You will now be getting real time information on the quality of air around Nairobi City following the installation of digital billboards at key points in the capital.
Already, four digital billboards have been set up on at the city centre on Moi Avenue, and University Way as well as on Mbagathi Way and at the Jomo Kenyatta International Airport to stream information on air quality to the public.
The Nairobi air quality awareness initiative is a collaboration between the UN, the private sector, academia, non-governmental and local governmental organizations and is expected to accelerate efforts to change how transport, waste management services are managed.
The project is an initiative of UN Environment Programme (UNEP), in collaboration with IQAir, a Swiss air quality technology company, telco Safaricom, Alpha and Jam Ltd and Metropolitan Star Lite Ltd, as well as Out Of Home media.
Most residents of the city do not have access to real-time air quality data and consequently, do not know if the air they breathe is harmful.
The billboards will be sharing up-to-the-minute data on air quality for some of the most harmful type of air pollution known as particulate matter 2.5 (PM2.5).
PM2.5 are known to cause serious health issues, including asthma, lung cancer, and heart disease. Exposure to PM2.5 has also been associated with low birth weight, acute respiratory infections as well as stroke.
“Real time air quality monitoring will help us with the issuance of health advisories as well as for formulation of smart traffic controls that minimize congestion,” said Lawrence Mwangi, Assistant Director of Environment in charge of pollution control at the Nairobi County Government.
“We intend to use our digital platforms and expansive network infrastructure to support the air quality monitoring project to expand across more urban areas in Kenya. We will also foster partnerships with other stakeholders including regulators, relevant ministries and private organizations to help build a compressive and sustainable air quality monitoring system,” said Peter Ndegwa, CEO, Safaricom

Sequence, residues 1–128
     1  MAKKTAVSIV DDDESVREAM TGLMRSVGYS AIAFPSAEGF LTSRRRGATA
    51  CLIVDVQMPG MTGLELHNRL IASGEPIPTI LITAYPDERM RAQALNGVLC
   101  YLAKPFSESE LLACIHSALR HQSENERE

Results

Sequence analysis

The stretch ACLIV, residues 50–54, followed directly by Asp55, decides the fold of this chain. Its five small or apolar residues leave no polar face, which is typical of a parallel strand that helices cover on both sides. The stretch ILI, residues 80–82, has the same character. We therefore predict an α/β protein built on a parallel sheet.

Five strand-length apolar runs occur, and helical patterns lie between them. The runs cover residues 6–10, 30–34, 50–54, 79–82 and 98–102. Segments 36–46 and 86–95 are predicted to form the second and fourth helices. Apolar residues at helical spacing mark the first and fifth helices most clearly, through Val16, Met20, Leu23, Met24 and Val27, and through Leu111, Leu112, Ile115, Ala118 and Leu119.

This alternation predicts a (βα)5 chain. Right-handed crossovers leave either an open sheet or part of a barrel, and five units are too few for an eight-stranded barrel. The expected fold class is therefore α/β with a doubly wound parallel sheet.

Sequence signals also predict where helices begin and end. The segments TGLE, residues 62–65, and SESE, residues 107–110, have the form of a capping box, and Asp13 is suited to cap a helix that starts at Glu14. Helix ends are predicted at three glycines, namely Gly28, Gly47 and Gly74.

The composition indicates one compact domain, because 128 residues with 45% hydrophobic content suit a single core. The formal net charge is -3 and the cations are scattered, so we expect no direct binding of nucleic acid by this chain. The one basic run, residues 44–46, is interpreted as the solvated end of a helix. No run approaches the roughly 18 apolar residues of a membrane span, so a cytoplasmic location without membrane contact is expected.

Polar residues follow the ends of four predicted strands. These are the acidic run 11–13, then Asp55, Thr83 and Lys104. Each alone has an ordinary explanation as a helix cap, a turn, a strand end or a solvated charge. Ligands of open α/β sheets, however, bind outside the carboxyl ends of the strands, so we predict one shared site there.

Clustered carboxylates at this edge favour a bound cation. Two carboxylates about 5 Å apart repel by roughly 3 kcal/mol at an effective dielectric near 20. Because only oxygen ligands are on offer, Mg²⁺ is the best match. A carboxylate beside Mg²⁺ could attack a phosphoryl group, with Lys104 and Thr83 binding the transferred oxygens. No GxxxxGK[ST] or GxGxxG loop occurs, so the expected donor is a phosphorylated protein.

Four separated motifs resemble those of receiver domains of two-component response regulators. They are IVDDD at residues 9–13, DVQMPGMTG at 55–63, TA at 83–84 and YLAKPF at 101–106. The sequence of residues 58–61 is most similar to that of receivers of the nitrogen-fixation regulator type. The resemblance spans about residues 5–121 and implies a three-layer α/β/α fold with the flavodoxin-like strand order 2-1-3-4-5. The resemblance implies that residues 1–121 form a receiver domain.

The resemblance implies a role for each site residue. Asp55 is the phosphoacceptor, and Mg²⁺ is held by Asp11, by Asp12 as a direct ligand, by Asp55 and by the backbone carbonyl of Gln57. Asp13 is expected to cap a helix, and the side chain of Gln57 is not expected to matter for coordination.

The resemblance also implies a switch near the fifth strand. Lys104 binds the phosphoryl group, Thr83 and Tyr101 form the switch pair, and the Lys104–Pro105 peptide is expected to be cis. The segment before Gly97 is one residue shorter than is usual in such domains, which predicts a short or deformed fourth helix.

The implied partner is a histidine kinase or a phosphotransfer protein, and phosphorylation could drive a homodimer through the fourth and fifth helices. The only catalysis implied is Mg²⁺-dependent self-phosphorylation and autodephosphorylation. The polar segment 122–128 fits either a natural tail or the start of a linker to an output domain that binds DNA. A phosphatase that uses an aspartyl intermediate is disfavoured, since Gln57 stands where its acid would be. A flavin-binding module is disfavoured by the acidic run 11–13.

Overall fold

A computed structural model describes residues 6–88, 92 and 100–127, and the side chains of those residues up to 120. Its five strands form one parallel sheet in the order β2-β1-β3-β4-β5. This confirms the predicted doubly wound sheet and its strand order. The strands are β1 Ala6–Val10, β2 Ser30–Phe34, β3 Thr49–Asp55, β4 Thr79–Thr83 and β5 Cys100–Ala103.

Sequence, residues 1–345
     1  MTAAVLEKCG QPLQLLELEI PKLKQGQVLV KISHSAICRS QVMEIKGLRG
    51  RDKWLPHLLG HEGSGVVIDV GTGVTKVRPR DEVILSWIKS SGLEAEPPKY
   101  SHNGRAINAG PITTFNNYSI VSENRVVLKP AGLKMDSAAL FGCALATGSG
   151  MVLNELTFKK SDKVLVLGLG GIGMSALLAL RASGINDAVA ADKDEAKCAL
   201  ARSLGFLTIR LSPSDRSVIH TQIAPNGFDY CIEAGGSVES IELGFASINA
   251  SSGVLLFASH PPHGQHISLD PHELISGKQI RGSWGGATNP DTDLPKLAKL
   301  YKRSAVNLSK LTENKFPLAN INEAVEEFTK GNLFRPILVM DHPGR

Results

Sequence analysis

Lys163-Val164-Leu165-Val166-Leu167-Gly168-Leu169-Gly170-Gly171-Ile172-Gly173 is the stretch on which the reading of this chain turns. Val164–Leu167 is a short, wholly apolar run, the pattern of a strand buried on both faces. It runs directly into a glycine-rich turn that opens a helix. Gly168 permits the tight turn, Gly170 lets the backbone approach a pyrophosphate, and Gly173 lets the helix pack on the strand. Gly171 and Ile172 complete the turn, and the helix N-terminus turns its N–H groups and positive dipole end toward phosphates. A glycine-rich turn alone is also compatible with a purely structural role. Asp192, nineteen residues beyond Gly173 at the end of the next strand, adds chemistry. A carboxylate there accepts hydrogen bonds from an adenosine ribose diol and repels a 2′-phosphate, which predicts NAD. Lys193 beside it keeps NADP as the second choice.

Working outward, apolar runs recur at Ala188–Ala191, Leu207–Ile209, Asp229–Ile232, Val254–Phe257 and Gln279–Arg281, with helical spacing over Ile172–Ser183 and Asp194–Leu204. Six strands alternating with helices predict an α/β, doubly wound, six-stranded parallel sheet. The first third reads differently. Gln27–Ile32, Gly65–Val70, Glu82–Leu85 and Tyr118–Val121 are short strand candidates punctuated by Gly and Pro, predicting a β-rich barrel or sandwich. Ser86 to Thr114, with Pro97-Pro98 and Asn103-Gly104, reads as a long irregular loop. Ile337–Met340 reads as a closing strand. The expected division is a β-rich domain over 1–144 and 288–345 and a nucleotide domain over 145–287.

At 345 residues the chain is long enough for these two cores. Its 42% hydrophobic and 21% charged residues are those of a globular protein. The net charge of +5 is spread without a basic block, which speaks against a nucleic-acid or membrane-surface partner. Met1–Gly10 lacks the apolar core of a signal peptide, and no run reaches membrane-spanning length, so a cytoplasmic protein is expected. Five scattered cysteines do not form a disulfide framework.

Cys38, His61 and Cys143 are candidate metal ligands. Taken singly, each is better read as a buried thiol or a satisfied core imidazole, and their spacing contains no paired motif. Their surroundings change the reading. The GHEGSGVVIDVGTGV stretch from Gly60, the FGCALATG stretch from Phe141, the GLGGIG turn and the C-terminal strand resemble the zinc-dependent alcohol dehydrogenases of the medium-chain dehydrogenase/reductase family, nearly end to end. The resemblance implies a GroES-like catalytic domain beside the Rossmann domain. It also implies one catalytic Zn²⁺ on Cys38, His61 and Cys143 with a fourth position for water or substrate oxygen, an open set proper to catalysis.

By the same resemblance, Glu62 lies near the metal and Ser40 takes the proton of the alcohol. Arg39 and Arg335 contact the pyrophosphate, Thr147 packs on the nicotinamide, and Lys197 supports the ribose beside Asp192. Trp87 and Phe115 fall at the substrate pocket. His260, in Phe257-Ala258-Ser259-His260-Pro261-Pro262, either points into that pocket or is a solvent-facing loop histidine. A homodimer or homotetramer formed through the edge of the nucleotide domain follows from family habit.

Outdoor air pollution in both cities and rural areas was estimated to cause three million premature deaths globally in 2012 with 88 per cent of the cases reported in low-and middle-income countries.
An estimated three billion people cook and heat their homes using open fires and simple stoves by burning wood, animal dung and crop waste or coal.
Over 50 per cent of premature deaths due to pneumonia among children under five are caused by the particulate matter (soot) inhaled from household air pollution.
Policies and investments supporting cleaner transport, energy-efficient housing, power generation, industry and better municipal waste management would reduce key sources of urban outdoor air pollution.
“Action on air pollution, which is responsible for millions of premature deaths a year, is critical – efforts should focus on high-risk communities, such as people living in informal urban settlements,” said Inger Andersen, Executive Director of UNEP.
“We recognize that some of the world’s most vulnerable communities are disproportionately affected by poor air quality,” said IQAir CEO Frank Hammes. “Through our partnership with UNEP, we are able to leverage real-time air quality monitoring data, machine learning and data visualization to help identify those that are most affected by global air pollution.”
The Nairobi air quality project comes as the world marks the second International Day for Clean Air and blue skies on September 7th.